publisher that has damn near 50 new comic book series on the way and not ONE
BLACK WRITER on the current roster. They have Black characters and Black team
books, but no Black writers. Again, they love the culture and push diversity
strictly on the page and next to never behind the scenes.
So the shark-biting that is currently being done here is not
surprising. I guess Marvel Comics is doing these Hip-Hop variant covers to back
up all that street cred they’ve been building for years while hiring a
multitude of Black writers, artists and people of color… <side-eye> <sarcasm>
And yes, I do sincerely understand that Hip-Hop is
mainstream now. But the comic book business on the regular loves Black culture
but rarely involves Black people and people of color in it. They just bite the
creative works of the cultures and sell it to white audiences.
This is much deeper than just remixing a comic book cover.
When you look at the first wave of Marvel hip-hop joints,
outside of the A$AP cover, from an art direction stance, nothing else really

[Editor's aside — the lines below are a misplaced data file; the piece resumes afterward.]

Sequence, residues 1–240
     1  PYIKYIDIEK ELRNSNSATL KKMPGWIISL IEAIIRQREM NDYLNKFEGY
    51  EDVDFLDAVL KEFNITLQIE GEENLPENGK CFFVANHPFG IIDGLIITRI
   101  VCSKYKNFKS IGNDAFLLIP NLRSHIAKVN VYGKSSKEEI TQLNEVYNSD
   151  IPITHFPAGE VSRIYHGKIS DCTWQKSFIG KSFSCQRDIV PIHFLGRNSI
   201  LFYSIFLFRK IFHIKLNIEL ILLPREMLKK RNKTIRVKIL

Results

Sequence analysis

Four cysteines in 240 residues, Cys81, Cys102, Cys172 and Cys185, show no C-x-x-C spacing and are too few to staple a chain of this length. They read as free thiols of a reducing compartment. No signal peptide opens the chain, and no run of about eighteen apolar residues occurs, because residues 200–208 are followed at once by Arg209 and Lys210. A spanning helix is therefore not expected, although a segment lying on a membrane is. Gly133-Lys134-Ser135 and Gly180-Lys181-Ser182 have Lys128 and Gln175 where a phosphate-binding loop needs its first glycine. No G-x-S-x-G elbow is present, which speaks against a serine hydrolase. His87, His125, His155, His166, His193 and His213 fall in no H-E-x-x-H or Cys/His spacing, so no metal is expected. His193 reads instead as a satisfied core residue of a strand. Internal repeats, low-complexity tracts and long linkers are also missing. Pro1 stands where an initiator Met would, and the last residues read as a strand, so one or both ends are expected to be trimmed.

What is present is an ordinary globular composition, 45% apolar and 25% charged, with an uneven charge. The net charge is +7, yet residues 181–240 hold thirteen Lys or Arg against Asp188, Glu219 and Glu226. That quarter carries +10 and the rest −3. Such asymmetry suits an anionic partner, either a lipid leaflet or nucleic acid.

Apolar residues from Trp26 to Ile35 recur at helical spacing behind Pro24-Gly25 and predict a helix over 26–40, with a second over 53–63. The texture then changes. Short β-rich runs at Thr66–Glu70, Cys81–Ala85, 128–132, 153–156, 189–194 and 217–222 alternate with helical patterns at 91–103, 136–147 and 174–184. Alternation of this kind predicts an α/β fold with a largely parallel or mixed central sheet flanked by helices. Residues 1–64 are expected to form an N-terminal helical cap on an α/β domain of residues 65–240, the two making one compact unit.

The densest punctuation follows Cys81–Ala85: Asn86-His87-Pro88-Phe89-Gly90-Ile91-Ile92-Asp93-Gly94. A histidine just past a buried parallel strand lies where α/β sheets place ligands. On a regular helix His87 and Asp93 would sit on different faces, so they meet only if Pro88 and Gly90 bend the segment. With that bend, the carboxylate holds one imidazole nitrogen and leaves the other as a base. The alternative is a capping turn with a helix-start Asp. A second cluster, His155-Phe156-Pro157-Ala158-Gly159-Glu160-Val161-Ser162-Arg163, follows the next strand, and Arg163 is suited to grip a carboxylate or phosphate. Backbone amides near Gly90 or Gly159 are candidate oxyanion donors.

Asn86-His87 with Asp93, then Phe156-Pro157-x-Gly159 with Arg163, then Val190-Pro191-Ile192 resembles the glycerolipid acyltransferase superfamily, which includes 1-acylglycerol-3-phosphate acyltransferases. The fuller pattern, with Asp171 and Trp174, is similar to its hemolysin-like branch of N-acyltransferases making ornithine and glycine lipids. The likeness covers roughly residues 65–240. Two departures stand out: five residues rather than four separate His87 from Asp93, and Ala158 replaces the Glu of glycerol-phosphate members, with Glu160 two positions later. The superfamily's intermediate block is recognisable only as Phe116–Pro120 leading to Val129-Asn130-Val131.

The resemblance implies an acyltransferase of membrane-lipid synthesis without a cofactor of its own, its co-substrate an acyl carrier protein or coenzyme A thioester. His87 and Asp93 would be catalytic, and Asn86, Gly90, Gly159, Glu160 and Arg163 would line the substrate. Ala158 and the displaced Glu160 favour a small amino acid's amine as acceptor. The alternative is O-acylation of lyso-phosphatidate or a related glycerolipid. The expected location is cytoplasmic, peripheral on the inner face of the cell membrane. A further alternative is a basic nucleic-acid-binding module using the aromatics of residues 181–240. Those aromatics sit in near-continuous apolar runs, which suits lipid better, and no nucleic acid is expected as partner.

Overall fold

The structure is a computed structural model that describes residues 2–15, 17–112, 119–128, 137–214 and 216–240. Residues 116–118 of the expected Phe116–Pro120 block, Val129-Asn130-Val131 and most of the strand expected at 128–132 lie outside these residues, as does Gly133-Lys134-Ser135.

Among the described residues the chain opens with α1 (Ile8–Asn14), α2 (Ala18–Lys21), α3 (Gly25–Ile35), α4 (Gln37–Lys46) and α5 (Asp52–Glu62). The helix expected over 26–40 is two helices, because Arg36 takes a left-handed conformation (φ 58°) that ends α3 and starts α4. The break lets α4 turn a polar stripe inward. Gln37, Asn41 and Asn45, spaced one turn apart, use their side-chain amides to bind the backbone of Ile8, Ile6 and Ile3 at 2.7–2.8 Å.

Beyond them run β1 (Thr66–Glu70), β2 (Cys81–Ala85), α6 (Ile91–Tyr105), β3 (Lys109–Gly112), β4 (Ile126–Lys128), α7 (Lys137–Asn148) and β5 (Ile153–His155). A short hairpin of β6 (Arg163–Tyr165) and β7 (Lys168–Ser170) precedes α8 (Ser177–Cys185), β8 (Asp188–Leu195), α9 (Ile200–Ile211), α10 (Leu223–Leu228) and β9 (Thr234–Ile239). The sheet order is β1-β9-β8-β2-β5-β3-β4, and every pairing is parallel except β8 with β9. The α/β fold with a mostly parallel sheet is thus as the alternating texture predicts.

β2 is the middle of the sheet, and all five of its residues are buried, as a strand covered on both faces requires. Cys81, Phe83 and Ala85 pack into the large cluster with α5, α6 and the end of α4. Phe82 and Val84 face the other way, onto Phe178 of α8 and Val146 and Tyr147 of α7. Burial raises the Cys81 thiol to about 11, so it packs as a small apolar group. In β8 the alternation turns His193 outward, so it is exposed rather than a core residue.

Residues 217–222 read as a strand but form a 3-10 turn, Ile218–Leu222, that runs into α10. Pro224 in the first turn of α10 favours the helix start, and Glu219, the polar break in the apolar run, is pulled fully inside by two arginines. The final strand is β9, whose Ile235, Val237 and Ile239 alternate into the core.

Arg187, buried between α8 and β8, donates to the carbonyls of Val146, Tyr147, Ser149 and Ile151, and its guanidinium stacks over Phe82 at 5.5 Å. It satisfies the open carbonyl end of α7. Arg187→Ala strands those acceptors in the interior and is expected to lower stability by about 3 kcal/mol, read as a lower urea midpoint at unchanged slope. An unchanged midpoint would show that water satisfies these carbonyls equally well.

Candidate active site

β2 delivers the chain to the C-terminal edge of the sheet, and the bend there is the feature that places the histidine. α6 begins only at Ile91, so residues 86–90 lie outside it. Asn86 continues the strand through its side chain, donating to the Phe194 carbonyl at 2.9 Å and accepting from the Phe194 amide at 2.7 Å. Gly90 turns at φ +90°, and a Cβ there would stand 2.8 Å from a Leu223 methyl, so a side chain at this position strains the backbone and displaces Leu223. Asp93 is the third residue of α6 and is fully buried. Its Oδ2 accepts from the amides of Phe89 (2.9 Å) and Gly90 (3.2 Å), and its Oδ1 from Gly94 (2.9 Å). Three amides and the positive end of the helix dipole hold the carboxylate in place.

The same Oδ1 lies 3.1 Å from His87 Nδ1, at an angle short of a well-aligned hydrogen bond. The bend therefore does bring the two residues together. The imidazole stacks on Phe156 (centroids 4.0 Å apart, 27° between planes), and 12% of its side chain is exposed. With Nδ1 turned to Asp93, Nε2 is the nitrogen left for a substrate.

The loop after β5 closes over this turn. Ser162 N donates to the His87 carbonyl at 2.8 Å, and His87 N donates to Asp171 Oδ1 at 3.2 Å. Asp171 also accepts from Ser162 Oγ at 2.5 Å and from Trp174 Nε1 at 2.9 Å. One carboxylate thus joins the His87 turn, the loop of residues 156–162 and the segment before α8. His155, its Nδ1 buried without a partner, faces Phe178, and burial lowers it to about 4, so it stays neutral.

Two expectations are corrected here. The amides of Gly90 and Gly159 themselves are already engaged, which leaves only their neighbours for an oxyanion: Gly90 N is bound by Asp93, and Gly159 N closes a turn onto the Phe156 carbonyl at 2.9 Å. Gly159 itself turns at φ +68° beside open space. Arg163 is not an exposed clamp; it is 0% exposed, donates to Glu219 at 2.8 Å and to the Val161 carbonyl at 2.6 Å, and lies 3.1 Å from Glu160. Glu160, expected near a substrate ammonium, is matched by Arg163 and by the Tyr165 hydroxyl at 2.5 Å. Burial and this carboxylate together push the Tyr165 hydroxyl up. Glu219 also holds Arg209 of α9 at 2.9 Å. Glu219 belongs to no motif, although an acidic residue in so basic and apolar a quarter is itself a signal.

makes sense. If anything, most of those covers that Marvel is putting
out mocks hip-hop in some cases rather than embracing it. And that’s no
offense to the artists that created their covers. If an editor told you to do
it, I get it. If that’s what you felt, cool.
And then to top it off, there are 50 covers and only three
Black artists have been allowed to play in Marvel’s sandbox for this project
(Sanford Greene, Khary Randolph, and Brian Stelfreze).
Respect to the few Black artists that are working at Marvel
right now. We see you. I know there’s not many (because there’s not), but we
After October passes, these Marvel hip-hop variant covers
will disappear and it’ll be on to the next thing for them. After they’re done
with those 50 covers, Mr. Alonso will just look at the culture, wave & say
“Bye, Phylicia” then move on to the next thing without a care.
But I won’t forget this.
And neither should you.
But will the fans care? I don’t know. For most, as long as
they get their stuff it doesn’t matter to them.
Equality and true diversity in comics doesn’t matter to them
as long as they get their stuff.
So don’t ask me about the next Marvel movie, comic, cartoon,
synergy-filled whatever because I don’t ride with Marvel when they shark-bite
*Side note #2: Since the release of my post, plus the tumblr posts of David Brothers, artist Kenny Keil and many other media side regarding Marvels 1-way relationship w/our culture, Marvel Comics EIC is saying that the cover artist list of 50 Hip-Hop variant covers is not complete and on his twitter feed displayed a Keron Grant Wolverine cover based off of DMX’s “Flesh of my Flesh, Blood of my Blood” followed with “12 down, 40+ to go in coming weeks.”